Russia Denies Charge That It Put Anti-Satellite Weapon In Space

Russia’s top arms control diplomat dismissed as “fake news” an assertion by the United States that Russia had launched a weapon into low-Earth orbit that was capable of inspecting and attacking other satellites. The Kremlin has flatly denied assertions by U.S. officials that Moscow is developing a space-based anti-satellite nuclear weapon.

U.S. Space Command on Tuesday pointed to the launch earlier this month of a Soyuz rocket from Russia’s Plesetsk launch site, saying it likely involved “a counterspace weapon, presumably capable of attacking other satellites in low Earth orbit.” Russia’s defense ministry said the May 17 launch had a spacecraft on board but gave no details what it was for.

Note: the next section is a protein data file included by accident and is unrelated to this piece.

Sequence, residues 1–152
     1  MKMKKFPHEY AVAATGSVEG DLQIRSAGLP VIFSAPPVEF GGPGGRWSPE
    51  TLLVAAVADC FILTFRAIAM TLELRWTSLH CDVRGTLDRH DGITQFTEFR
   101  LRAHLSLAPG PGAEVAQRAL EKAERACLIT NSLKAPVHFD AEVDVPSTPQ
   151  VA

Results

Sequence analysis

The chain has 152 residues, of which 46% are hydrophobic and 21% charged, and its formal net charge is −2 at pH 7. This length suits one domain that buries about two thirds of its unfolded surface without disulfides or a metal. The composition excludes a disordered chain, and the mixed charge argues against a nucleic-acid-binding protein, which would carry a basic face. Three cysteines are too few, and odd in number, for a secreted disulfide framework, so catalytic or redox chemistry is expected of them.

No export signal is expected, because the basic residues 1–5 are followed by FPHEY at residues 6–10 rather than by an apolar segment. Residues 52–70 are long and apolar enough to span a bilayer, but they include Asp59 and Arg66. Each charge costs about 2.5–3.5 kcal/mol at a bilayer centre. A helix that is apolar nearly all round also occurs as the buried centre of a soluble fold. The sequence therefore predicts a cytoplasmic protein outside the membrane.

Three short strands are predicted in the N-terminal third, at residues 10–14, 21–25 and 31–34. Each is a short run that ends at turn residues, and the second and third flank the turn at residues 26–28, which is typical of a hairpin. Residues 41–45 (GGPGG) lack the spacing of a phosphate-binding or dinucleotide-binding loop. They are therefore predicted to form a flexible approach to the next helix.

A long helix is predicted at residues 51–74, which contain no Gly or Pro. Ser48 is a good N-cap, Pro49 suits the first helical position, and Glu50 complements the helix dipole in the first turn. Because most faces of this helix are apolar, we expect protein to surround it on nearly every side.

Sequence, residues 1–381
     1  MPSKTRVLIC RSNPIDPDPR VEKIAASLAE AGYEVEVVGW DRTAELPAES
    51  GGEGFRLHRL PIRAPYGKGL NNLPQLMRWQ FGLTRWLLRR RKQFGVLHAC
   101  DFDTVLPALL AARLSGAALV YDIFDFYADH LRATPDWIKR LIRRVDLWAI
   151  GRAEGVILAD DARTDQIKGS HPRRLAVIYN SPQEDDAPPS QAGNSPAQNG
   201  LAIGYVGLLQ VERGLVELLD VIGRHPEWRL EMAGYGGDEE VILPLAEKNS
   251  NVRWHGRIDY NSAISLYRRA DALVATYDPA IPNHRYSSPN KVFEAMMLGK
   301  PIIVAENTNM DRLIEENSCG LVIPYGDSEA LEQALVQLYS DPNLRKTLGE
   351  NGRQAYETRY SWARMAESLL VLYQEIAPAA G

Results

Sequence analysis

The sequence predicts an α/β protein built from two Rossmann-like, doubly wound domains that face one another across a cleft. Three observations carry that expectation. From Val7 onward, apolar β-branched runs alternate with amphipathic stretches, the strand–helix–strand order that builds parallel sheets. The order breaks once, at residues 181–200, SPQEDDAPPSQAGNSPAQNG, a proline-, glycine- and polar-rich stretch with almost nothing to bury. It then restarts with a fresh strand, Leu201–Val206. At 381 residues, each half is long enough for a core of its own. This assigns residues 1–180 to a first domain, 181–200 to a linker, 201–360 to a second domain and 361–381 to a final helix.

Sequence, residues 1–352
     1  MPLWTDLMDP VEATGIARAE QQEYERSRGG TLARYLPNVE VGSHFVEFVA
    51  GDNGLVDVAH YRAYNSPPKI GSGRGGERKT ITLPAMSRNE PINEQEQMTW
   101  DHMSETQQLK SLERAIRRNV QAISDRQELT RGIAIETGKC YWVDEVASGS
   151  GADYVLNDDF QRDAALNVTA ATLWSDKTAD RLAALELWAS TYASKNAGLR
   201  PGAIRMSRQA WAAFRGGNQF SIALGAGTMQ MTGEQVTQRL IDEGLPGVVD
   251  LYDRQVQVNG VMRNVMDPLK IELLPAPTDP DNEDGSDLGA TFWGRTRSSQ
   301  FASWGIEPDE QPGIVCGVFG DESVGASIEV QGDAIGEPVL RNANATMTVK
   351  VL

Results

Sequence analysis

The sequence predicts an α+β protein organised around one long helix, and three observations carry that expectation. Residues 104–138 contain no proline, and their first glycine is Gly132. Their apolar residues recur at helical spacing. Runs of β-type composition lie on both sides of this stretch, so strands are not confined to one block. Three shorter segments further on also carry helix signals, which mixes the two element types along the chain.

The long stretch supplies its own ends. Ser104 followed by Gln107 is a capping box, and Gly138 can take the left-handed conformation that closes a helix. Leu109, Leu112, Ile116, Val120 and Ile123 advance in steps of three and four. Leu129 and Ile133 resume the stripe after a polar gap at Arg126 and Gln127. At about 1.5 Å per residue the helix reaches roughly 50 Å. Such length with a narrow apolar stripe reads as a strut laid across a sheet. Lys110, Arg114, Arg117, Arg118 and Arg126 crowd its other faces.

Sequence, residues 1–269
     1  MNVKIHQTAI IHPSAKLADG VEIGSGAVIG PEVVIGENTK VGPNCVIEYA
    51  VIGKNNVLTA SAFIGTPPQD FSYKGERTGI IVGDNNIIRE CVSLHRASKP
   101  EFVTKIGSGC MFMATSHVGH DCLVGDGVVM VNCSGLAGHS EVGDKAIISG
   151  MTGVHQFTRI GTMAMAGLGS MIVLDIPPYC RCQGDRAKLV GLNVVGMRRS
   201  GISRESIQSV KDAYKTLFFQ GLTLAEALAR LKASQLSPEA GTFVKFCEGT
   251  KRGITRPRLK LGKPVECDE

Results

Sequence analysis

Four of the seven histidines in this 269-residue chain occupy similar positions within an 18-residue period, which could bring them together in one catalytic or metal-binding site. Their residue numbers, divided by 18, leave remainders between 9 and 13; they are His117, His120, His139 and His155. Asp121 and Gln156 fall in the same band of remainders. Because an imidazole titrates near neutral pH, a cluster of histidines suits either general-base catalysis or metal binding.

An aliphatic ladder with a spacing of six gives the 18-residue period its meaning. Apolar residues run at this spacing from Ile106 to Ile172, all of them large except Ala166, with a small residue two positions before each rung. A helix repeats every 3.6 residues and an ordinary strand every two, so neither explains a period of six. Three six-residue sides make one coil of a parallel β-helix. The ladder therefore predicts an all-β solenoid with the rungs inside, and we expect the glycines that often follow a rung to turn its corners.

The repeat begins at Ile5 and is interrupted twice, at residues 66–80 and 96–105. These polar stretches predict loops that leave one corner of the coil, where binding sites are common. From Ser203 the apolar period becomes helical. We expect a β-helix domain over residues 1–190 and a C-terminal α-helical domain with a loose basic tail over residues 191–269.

“I don’t think we should respond to any fake news from Washington,” Russian Deputy Foreign Minister Sergei Ryabkov was quoted as saying by the Interfax news agency. “The Americans can say whatever they want, but our policy does not change from this,” said Ryabkov, adding that Moscow had “always consistently opposed the deployment of strike weapons in low-Earth orbit.”

President Vladimir Putin and then-defense minister Sergei Shoigu denied U.S. assertions in February that Russia was developing a space-based, anti-satellite nuclear weapon designed to disrupt everything from military communications to phone-based ride services.

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